None of that is captured here and it’s a lost opportunity that can hopefully be resolved in the future. The character dynamics were what made the Rocky series work throughout its history, and one reason the Creed series has the emotional investment it does is due to all the work done before at establishing the universe they’re in as being rooted in reality. That reality may have been tested with robots and the like, but that also served a role in the narrative and helped bring the series back to its roots with Rocky Balboa and the two Creed films. The game leans heavily on the Rocky series, which makes sense given its greater timespan, but does showcase Adonis Creed’s greatest rivals as well. Overall, it’s a good blend of the rogues gallery from the film series – even with some missing names like Thunderlips and Tommy Gunn.
Visually, Big Rumble Boxing has a crisp, clean look to it that may not drop jaws, but does look impressive due to how sharp everything looks. Character models have a solid mix of realistic proportions, but a comic book-style level of muscles to help make this feel like a set of virtual action figures going to battle. Punch animations are solid as are the reactions to them — with things like knockdowns shining due to how in-depth they can be. Rivals can be knocked into the ropes and bounce off, which helps make the ropes feel real and not just an invisible wall as can be the case in some boxing games.
The environments look great and while real-life locales aren’t used, things like the SVR Grand instead of the MGM Grand help get the point across without much of an issue and smaller touches like international flags adorning the venues help make the scale seem worldwide alongside its many venues. Areas like a sleek penthouse-esque venue with servers in the background help evoke a high-class environment, while things like a dingy couch in a back alley help when it comes to getting across a “rags to riches” story or going back to a character’s roots. The diversity in the environments helps keep things visually interesting and makes the arcade ladder in particular more fun since you aren’t just fighting in the same ring or style of venue over and over.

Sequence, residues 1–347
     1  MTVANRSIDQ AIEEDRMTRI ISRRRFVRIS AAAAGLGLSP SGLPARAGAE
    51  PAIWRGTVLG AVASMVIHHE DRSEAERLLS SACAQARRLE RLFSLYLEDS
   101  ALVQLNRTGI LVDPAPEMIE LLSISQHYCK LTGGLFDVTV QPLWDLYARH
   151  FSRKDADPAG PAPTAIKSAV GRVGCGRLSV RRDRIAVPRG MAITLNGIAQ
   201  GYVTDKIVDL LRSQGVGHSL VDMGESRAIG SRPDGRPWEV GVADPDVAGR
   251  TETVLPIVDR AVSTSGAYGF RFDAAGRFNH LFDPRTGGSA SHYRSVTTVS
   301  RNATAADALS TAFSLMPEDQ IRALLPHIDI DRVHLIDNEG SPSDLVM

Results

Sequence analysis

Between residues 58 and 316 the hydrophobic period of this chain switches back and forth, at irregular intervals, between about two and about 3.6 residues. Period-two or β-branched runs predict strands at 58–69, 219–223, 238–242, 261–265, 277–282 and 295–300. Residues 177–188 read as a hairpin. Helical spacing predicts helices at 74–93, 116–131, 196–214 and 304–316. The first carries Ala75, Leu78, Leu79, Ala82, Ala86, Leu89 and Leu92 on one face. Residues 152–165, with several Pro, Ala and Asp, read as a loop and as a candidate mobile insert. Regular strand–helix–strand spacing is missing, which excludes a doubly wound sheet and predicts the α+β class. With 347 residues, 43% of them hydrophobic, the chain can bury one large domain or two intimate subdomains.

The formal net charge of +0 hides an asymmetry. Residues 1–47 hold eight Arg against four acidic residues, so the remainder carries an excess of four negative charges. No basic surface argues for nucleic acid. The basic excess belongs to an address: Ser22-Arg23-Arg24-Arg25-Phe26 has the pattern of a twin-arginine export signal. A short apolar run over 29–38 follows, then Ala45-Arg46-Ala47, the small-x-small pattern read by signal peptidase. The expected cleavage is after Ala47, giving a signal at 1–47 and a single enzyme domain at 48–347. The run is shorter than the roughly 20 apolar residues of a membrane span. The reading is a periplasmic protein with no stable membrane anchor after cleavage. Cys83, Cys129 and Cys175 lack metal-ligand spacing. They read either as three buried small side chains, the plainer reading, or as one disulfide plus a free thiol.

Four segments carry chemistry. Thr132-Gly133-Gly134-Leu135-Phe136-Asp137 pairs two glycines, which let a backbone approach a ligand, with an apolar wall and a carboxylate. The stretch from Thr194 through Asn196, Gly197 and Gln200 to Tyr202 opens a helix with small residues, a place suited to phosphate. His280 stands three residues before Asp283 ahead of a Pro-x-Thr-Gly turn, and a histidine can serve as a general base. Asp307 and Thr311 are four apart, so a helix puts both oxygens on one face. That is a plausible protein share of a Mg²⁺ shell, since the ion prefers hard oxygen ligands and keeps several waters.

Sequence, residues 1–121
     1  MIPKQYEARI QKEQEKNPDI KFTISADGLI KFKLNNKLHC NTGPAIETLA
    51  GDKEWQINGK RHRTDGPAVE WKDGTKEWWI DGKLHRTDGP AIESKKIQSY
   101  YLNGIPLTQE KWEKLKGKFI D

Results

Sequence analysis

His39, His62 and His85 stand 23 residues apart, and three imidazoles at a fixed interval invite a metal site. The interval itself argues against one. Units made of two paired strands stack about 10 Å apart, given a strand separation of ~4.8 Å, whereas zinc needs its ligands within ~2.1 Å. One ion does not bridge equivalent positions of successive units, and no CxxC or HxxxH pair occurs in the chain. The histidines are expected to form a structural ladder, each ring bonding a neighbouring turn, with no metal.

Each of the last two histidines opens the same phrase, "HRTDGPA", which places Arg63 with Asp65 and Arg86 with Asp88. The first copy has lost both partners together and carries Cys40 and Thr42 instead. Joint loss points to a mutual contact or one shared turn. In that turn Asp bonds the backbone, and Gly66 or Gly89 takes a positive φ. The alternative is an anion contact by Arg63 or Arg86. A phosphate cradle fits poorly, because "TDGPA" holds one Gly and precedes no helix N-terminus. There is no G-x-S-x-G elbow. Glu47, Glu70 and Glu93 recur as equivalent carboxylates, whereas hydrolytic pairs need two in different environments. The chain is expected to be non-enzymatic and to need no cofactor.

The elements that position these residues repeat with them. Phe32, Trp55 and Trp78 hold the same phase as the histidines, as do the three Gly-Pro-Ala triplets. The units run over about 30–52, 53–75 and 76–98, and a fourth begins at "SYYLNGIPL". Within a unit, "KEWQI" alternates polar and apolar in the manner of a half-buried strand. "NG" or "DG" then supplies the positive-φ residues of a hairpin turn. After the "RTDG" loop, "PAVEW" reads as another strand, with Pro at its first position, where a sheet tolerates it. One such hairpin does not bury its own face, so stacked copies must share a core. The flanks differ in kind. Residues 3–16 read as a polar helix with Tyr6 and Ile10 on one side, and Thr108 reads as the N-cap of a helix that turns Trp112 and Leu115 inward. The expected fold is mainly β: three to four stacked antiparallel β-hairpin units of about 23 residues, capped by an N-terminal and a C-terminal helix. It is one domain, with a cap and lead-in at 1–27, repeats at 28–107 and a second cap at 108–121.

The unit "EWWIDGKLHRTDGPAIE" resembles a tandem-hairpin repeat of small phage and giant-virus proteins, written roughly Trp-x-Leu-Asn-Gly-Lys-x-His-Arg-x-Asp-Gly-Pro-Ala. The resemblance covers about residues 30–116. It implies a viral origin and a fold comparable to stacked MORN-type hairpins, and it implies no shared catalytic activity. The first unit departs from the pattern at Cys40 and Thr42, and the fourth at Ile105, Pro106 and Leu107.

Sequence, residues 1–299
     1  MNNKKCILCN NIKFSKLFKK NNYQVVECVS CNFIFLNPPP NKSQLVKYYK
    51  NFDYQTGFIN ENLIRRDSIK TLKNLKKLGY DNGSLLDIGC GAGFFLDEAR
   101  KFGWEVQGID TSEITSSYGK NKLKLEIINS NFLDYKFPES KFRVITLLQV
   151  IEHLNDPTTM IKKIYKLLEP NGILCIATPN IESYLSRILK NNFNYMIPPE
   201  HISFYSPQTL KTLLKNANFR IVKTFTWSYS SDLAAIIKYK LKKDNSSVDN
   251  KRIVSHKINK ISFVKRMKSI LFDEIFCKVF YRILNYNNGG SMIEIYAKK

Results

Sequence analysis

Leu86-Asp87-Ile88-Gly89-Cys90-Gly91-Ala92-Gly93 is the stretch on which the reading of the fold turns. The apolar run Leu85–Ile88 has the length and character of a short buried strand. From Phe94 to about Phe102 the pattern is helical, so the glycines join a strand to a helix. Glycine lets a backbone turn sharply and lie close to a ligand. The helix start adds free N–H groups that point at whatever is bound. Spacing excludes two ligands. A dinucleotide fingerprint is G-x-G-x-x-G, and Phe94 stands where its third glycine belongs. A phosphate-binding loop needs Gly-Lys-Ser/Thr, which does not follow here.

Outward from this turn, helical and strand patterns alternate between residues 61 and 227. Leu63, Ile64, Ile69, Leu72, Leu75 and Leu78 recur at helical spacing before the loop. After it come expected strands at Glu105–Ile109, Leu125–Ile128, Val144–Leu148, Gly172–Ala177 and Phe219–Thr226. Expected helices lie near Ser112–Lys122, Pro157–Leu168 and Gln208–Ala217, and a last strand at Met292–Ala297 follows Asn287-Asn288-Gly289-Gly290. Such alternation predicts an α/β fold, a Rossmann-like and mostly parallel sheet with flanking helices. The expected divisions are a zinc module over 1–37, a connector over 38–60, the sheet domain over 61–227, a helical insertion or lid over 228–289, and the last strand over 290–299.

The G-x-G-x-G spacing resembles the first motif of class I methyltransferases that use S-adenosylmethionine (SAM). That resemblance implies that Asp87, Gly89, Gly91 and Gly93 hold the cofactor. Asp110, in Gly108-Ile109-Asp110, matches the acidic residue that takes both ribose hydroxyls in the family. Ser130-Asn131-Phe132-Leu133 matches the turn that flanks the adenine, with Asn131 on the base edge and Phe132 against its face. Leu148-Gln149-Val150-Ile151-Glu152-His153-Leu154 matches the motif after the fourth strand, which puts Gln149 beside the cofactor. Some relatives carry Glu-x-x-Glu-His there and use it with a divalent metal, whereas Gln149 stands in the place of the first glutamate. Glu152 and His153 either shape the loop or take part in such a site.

Audio-wise, “Gonna Fly Now” remains intact while other series favorites like “Eye of the Tiger” are missing. Still, having the definitive Rocky anthem present helps things along even if there is room for improvement in that regard. The iffy voice clips add to the trash talk, but the lack of full voiceover for the arcade ladder does hurt the presentation. The sound effect work for punches is fantastic and every kind of punch feels different in both how it looks, how it feels to input and how it sounds — so Big Rumble Boxing does a top-shelf job in that regard.
Big Rumble Boxing: Creed Champions is a fantastic arcade-style boxing game that showcases a lot of fast action while still paying tribute to the long-running Rocky franchise. It’s lacking in terms of mode variety and it would be nice to have a more in-depth story mode that either recreated key parts of the lore or that allowed for alternate history versions of scenarios to play out. As it stands, the arcade ladder system offers up a tiny bit of story, but not enough to get invested into. Thankfully, the core gameplay is so fun that it keeps you hooked and having an unlocking system in place that rewards just playing the game instead of a pay-to-unlock setup is nice to see. It looks impressive as well, with crisp graphics and steady framerates allowing for the fast action to shine.